Part 1: The Great Escape - i. Here (6:28), ii. The Time Of Your Life (8:13), Part 2: For Love And Greed - i. Passions (4:47), ii. Never Last (5:05), Part 3: Mercury Hearts - i. Lost Peace (4:13), ii. A Crescent Man (6:12), iii. Requiem (2:05) iv. Inside You (6:20), Part 4: Of Inner Beauty - i. System Of A Dream (7:27), ii. Black Air (9:29), Part 5: In Sight - i. The Impossible (11:35)
The opener here features a cracking solo from Saga's Jim Gilmour, whilst Time Of Your Life not only includes a great chorus but also a nifty guitar solo from Oliver. The third track opens with some meaty guitar riffage and morphs into a driving beat, with some great harmonies.
This is an album you need to hear loud and let the music wash over and engulf you, with its lush melodies and impassioned vocals. This is a great sounding album and one to be enjoyed at leisure. Hats off to all concerned for crafting such a corker. The sleeve, booklet and artwork are all excellent, evocative and inspiring, which I guess is the aim. I just love the cover image of the woman on a mountain of old tyres.
A Crescent Man is a very driving song with a deadly groove and strong lyrics. It is perhaps more AOR than prog, but it adds to the overall effect. Requiem is a quiet interlude before the gentle, plucked intro to Inside You. Driven by some pounding drums, this is another fine, urgent song featuring the whispy voice of Monique Van Der Kolk alongside Oliver's own voice, which sounds a tad David Bowie like on this one (which is no bad thing).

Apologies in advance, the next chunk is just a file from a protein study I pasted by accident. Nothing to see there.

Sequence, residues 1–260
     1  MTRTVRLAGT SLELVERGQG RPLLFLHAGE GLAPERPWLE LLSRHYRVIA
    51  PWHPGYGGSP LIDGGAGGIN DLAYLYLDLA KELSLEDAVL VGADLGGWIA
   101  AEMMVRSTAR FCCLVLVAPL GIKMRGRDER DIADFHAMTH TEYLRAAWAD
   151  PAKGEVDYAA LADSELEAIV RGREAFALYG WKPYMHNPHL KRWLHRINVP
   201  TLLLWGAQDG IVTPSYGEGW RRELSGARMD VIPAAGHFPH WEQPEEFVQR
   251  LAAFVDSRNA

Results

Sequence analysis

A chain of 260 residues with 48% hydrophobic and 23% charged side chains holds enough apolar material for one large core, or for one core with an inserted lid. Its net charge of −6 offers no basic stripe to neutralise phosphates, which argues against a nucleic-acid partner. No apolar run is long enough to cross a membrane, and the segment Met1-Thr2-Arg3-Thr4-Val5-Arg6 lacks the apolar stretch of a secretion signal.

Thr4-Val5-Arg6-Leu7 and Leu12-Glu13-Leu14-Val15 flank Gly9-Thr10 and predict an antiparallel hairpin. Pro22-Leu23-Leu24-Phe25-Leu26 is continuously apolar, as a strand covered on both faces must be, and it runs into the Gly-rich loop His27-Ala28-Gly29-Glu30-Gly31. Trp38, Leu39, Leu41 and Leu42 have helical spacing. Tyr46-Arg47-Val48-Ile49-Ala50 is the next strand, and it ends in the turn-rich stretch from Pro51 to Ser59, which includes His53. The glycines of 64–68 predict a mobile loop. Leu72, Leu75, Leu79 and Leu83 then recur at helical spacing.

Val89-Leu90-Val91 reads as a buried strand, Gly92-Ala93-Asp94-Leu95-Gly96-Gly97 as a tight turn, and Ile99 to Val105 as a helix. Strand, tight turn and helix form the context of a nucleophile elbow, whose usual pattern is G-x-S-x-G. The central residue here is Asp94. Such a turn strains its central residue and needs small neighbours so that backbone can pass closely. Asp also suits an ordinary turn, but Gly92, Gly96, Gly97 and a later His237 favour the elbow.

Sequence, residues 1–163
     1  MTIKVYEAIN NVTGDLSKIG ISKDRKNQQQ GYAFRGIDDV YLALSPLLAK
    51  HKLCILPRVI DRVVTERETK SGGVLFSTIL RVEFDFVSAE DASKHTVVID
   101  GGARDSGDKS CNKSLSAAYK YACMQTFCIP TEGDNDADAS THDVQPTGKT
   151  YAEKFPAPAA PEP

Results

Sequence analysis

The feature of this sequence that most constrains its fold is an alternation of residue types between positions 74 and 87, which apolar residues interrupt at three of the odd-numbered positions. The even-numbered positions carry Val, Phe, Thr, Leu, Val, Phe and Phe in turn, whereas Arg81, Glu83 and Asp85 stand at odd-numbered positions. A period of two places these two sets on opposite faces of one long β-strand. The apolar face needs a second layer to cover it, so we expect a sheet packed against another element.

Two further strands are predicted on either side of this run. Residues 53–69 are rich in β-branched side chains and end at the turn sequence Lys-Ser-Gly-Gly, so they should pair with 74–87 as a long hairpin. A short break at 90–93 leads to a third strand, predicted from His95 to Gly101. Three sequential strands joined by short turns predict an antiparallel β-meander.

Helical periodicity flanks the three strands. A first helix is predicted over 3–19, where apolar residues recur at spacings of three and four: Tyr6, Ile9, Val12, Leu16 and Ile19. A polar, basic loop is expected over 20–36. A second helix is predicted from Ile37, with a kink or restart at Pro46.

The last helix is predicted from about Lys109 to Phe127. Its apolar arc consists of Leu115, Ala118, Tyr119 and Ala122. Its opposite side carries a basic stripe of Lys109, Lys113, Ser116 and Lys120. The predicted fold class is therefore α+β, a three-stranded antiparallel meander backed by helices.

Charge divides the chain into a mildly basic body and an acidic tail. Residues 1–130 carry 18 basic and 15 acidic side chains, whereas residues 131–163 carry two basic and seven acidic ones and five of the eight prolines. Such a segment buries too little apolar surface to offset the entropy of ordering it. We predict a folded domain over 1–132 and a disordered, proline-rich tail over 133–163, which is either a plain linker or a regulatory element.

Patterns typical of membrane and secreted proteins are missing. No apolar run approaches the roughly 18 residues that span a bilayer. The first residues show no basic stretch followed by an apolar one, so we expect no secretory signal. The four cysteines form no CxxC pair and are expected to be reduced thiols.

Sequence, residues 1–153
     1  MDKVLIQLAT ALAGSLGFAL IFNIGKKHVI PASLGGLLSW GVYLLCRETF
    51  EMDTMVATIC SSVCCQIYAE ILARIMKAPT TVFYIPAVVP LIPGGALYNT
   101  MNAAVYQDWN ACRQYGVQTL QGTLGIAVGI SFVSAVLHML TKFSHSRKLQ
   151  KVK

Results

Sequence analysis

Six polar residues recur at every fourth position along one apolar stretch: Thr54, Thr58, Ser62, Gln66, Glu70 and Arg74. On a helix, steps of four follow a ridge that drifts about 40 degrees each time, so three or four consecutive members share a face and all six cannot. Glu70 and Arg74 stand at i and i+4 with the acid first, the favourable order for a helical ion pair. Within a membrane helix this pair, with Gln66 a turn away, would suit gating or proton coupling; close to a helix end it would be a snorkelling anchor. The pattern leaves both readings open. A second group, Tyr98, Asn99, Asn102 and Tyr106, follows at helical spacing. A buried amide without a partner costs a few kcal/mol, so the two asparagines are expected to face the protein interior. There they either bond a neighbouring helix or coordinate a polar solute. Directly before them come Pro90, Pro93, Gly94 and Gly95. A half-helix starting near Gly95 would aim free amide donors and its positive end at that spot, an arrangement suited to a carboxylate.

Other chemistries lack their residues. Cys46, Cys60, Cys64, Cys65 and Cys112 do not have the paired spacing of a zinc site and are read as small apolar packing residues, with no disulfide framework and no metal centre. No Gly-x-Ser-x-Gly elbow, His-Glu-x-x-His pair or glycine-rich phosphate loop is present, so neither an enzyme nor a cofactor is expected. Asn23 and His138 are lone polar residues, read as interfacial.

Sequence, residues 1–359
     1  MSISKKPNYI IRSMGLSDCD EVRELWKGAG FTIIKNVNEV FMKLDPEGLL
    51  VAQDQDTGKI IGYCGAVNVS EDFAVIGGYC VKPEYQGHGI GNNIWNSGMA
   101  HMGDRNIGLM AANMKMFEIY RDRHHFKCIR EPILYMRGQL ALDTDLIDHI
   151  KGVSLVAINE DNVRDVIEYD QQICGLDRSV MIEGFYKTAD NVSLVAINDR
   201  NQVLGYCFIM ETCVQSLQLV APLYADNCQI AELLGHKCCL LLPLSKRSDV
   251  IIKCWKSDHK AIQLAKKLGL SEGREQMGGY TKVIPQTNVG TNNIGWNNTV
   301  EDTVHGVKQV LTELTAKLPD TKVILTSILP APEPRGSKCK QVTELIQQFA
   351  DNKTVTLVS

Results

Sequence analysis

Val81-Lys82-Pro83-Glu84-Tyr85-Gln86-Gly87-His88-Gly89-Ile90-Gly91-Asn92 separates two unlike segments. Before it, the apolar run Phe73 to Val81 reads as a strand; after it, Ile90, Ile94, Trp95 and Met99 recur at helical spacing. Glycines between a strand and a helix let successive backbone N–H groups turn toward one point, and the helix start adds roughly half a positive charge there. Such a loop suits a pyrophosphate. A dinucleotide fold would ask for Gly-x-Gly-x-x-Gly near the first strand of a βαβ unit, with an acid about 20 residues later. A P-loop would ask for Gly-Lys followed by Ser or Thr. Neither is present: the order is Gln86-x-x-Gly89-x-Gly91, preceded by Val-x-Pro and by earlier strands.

I am not sure if this album will change my life that much, but it is certainly a good way to spend seventy minutes of your life and for that we should be grateful when there is so much rubbish on TV and this disc offers a great respite from all that. This is an album that gets better the more you hear it thanks to some great, impassioned performances and a very clear sound, with good separation across all the tracks. Recommended.
John Wenlock-Smith: 8.5 out of 10
Mindflowers - 3rd
Catch The Red Spider (7:27), The Droid Wants To Be Human (8:46), The Human (2:25), Layers (12:38), Knowing The Pain (5:40), Inside (5:43), Case Closed (7:36), 50 Years Later (2:38), The Error (5:36), Falling III (4:36), The Strange Place (2:12), E-male (7:36)
Mindflowers are a mostly instrumental prog fusion band whose music is infused with a hint of hardened metal. Their overall style has some similarity to bands such as Liquid Tension Experiment and Tribal Tech. The album has many changing colours and distinct moods which are displayed in ever-changing tempos, crunchy rhythms and searing guitar parts. There is a good balance between all-out aggression and carefully-crafted, melodic reflection. Nevertheless, the abiding and most prominent musical style on offer is gutsy fusion that has elements of prog and metal included. In this respect, there are occasions when the style of bands such as Dream Theater are brought to mind.
Listening to the band's third album, which is aptly entitled 3rd, reawakened and brought to mind memories of time spent eagerly consuming my mother's signature dish. The album is bookended by two wonderful pieces. The other tracks that are on offer are occasionally a surprisingly mixed bag of delights. Some compositions such as The Error, the beautiful synth drapes of The Human and the intriguing Layers are immediately able to capture a listener's attention and are very rewarding. They warrant and repay time spent savouring every note. Other pieces, such as Knowing the Pain, are not nearly as compelling.